Plaintiff contends that the district court's reading of the statute is erroneous. He claims that it will lead to a dramatic increase in the number of diversity suits maintained in federal court, and that Congress could not have intended, nor did it have the power, to overrule the longstanding prohibition of suits between aliens. Under plaintiff's view, the new provision was intended only to bar suits where a permanent resident alien sues a citizen of the same state, and did not establish a new definition of citizenship for permanent resident aliens in all cases.
A. Statutory Language
In resolving a question of statutory interpretation we turn first to the language of the provision. See Commissioner v. Engle, 464 U.S. 206, 214, 104 S.Ct. 597, 602, 78 L.Ed.2d 420 (1984). We find no support there for plaintiff's position. The amended diversity jurisdiction statute reads:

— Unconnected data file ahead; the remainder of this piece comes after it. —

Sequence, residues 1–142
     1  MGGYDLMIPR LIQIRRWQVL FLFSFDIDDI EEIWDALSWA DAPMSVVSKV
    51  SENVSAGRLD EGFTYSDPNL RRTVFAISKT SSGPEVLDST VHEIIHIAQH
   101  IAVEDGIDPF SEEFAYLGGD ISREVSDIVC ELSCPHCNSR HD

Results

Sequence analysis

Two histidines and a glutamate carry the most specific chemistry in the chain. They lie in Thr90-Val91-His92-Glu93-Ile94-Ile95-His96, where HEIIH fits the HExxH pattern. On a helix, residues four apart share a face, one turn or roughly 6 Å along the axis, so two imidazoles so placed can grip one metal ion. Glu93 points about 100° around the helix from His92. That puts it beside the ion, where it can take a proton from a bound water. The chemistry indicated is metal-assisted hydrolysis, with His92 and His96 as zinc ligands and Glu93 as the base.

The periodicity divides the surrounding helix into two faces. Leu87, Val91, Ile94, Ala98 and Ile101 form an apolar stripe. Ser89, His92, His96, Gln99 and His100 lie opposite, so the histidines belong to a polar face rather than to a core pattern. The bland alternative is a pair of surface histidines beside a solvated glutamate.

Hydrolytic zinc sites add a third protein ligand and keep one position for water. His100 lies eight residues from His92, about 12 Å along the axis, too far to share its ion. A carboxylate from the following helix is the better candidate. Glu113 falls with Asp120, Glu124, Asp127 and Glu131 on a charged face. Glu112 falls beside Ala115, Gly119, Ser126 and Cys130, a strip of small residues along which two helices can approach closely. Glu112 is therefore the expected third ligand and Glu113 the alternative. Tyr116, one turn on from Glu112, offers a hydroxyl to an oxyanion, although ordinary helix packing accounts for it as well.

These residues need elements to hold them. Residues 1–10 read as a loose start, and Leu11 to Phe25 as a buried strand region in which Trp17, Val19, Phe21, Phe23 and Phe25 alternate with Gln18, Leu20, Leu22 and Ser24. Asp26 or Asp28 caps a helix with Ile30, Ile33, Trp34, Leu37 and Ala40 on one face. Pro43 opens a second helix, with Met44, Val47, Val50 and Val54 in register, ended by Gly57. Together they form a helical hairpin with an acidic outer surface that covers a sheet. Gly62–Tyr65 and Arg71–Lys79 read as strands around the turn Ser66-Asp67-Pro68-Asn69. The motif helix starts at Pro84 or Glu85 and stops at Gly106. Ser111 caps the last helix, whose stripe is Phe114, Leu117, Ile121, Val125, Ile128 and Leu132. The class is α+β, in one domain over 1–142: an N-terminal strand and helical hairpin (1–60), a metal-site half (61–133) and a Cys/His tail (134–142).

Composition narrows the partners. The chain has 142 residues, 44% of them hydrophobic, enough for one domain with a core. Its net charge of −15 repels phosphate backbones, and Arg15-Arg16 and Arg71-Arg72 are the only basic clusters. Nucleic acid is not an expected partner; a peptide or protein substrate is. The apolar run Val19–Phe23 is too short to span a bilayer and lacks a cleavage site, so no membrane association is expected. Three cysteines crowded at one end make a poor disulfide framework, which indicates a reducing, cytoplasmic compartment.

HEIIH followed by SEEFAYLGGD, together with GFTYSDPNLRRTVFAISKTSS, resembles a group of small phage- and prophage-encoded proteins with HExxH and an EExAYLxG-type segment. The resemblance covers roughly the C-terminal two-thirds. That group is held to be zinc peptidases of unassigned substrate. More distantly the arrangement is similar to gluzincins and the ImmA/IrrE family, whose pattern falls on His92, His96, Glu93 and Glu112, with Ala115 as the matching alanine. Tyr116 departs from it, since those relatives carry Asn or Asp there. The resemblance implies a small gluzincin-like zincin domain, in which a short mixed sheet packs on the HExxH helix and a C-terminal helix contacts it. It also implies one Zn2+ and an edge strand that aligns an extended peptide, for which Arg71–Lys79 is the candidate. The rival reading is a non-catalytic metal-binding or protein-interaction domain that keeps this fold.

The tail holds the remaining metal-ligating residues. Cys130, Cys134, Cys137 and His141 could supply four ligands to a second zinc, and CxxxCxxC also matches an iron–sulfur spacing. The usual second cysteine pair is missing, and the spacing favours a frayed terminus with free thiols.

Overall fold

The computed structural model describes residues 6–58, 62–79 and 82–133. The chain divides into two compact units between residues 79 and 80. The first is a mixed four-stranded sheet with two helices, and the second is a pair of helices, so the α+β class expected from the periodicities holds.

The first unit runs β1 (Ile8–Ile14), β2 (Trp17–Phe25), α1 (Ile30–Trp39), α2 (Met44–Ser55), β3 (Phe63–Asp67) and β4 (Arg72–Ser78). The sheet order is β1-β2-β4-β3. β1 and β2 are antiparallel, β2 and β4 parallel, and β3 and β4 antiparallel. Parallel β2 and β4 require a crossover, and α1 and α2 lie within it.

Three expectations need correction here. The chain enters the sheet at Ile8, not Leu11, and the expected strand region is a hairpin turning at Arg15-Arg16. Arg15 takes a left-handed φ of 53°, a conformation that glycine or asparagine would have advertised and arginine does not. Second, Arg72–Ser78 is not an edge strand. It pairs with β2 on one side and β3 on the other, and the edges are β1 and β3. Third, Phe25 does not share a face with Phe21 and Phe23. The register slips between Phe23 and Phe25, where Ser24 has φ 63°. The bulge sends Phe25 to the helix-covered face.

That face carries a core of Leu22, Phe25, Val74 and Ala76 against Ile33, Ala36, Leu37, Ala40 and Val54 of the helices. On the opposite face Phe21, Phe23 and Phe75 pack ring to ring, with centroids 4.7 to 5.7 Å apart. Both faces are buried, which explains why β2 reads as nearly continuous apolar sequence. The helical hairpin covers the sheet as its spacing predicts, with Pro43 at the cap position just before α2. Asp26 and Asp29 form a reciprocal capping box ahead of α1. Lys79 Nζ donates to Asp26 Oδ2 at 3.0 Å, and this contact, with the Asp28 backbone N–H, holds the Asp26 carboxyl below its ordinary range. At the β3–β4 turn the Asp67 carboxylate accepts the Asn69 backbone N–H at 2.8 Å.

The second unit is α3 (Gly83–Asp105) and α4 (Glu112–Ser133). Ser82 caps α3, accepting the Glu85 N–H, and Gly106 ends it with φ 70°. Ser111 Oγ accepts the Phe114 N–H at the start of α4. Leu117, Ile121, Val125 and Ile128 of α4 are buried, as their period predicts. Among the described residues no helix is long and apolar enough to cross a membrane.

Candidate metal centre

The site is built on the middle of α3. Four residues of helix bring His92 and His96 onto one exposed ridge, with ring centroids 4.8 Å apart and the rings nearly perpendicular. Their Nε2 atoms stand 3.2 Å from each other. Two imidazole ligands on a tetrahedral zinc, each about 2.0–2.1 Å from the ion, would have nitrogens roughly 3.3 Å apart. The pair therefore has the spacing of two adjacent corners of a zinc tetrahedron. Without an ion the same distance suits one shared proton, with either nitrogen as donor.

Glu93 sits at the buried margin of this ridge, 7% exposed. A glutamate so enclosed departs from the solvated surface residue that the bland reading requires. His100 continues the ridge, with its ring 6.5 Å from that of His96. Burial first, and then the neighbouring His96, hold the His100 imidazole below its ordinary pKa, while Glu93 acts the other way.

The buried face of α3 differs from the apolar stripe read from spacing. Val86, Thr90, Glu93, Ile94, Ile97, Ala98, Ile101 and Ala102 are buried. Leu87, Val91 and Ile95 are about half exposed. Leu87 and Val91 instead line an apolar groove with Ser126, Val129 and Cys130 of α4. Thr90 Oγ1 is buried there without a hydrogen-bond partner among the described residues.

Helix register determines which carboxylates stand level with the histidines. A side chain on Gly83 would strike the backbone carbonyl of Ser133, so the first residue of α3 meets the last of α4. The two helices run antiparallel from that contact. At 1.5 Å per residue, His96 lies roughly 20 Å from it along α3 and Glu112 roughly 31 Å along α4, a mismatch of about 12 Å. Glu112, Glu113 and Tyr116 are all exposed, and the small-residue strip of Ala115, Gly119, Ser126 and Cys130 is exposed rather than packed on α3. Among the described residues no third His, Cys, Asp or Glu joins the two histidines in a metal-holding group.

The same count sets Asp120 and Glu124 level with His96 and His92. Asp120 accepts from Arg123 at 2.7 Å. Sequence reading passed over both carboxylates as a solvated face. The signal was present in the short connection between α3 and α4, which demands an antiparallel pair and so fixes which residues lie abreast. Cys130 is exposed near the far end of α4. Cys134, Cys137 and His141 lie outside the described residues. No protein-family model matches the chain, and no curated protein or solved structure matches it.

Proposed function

(a) The district courts shall have original jurisdiction of all civil actions where the matter in controversy exceeds the sum or value of $50,000 . . . and is between —
(1) citizens of different States;
(2) citizens of a State and citizens or subjects of a foreign state;
(3) citizens of different States and in which citizens or subjects of a foreign state are additional parties; and
(4) a foreign state . . . as plaintiff and citizens of a State or of different States.
For the purposes of this section, section 1335, and section 1441, an alien admitted to the United States for permanent residence shall be deemed a citizen of the State in which such alien is domiciled.
28 U.S.C. § 1332(a) (1988) (emphasis added).